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Safety Recommendation Details

Safety Recommendation P-15-005
Synopsis: There are approximately 298,000 miles of onshore natural gas transmission pipelines in the United States. Since 2004, the operators of these pipelines have been required by the Pipeline and Hazardous Materials Safety Administration (PHMSA) to develop and implement integrity management (IM) programs to ensure the integrity of their pipelines in populated areas (defined as high consequence areas [HCAs]) to reduce the risk of injuries and property damage from pipeline failures. An operator’s IM program is a management system designed and implemented by pipeline operators to ensure their pipeline system is safe and reliable. An IM program consists of multiple components, including procedures and processes for identifying HCAs, determining likely threats to the pipeline within the HCA, evaluating the physical integrity of the pipe within the HCA, and repairing or remediating any pipeline defects found. These procedures and processes are complex and interconnected. Effective implementation of an IM program relies on continual evaluation and data integration. The IM program is an ongoing program that is periodically inspected by PHMSA and/or state regulatory agencies to ensure compliance with regulatory requirements.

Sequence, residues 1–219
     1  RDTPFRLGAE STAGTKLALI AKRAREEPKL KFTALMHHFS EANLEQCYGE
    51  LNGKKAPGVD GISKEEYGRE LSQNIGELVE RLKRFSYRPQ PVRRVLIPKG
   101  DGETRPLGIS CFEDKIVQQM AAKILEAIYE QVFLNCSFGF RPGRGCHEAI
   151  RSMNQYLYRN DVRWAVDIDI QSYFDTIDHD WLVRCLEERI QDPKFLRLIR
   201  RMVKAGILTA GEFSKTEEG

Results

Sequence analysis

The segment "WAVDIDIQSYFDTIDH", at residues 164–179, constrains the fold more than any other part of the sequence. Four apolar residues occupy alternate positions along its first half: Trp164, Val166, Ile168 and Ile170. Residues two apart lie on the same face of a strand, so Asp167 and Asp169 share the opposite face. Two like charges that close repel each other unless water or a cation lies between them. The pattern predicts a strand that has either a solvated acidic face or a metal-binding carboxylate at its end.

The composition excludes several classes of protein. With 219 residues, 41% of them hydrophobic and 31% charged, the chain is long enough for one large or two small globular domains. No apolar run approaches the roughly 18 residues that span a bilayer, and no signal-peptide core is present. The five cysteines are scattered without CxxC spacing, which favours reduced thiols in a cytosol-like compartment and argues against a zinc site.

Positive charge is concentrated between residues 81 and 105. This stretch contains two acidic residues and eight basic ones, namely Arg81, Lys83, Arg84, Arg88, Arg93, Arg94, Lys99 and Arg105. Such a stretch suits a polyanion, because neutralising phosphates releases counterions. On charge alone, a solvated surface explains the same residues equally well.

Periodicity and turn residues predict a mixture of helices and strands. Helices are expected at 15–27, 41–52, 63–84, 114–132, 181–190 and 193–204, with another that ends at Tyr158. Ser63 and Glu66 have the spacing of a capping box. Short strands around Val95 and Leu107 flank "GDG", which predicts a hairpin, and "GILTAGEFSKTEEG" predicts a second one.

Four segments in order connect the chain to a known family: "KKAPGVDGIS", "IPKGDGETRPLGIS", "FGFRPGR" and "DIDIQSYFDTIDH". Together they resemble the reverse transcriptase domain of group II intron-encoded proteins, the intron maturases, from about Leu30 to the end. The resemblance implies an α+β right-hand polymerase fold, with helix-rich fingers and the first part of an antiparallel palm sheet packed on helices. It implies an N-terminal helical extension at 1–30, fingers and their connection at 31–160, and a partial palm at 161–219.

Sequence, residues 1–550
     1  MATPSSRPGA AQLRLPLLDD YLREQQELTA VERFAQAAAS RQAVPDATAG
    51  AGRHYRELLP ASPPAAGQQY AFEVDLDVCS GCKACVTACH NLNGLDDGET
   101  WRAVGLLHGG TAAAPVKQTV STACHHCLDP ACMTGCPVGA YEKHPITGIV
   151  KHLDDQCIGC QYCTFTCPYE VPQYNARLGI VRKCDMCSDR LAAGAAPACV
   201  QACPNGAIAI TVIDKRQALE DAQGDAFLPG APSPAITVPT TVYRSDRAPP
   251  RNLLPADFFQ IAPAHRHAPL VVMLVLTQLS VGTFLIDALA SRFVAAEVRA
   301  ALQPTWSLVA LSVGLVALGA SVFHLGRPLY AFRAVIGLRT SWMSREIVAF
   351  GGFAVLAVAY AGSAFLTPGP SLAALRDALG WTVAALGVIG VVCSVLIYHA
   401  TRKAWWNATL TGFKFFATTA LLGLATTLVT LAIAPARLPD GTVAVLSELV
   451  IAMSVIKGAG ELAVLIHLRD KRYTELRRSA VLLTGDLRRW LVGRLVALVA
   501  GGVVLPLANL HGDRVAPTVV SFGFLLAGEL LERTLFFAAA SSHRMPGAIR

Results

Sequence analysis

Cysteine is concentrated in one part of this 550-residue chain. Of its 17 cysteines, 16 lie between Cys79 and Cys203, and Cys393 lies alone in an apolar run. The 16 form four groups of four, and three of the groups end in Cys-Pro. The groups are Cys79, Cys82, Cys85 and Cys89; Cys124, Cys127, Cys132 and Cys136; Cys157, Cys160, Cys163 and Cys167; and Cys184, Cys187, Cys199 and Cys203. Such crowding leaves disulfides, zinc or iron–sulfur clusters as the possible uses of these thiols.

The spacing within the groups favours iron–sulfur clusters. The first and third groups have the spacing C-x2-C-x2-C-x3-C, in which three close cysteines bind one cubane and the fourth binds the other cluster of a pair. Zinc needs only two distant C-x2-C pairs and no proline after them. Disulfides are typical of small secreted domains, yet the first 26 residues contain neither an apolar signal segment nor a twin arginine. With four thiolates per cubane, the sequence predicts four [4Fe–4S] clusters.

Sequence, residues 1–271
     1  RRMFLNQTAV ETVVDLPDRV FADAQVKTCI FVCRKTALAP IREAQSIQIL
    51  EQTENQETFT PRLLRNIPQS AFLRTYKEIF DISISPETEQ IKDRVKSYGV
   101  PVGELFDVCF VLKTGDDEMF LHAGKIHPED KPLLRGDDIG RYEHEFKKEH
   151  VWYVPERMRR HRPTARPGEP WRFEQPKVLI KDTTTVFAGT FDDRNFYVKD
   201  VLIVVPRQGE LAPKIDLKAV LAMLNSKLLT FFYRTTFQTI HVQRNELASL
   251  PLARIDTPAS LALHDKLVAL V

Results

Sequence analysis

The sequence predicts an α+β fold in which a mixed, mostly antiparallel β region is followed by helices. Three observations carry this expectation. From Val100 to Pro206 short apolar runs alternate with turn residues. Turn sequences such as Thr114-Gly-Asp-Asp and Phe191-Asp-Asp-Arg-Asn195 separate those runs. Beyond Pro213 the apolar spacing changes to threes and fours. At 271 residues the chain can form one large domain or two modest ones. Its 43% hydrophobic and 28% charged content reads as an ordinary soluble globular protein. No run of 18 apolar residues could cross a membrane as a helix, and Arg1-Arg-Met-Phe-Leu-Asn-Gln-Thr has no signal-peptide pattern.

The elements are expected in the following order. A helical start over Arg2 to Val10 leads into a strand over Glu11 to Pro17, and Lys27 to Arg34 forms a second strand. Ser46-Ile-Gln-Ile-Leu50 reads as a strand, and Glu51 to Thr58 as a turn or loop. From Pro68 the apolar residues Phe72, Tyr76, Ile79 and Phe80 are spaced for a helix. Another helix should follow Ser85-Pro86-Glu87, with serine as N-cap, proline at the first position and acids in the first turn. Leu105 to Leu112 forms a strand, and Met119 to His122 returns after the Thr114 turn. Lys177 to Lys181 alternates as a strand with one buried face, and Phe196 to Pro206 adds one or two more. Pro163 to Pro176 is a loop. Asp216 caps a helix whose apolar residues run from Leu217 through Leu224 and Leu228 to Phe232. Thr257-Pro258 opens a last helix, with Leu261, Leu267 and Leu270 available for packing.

Recommendation: TO THE PIPELINE AND HAZARDOUS MATERIALS SAFETY ADMINISTRATION: Revise the submission requirement to include high consequence area identification as an attribute data element to the National Pipeline Mapping System.
Original recommendation transmittal letter: PDF
Overall Status: Open - Acceptable Response
Mode: Pipeline
Location: United States
Is Reiterated: No
Is Hazmat: No
Accident #: DCA14SS002
Accident Reports:
Report #: SS-15-01
Accident Date: 11/20/2013
Issue Date: 2/10/2015
Date Closed:
Addressee(s) and Addressee Status: PHMSA (Open - Acceptable Response)

Safety Recommendation History
From: NTSB
Date: 2/21/2018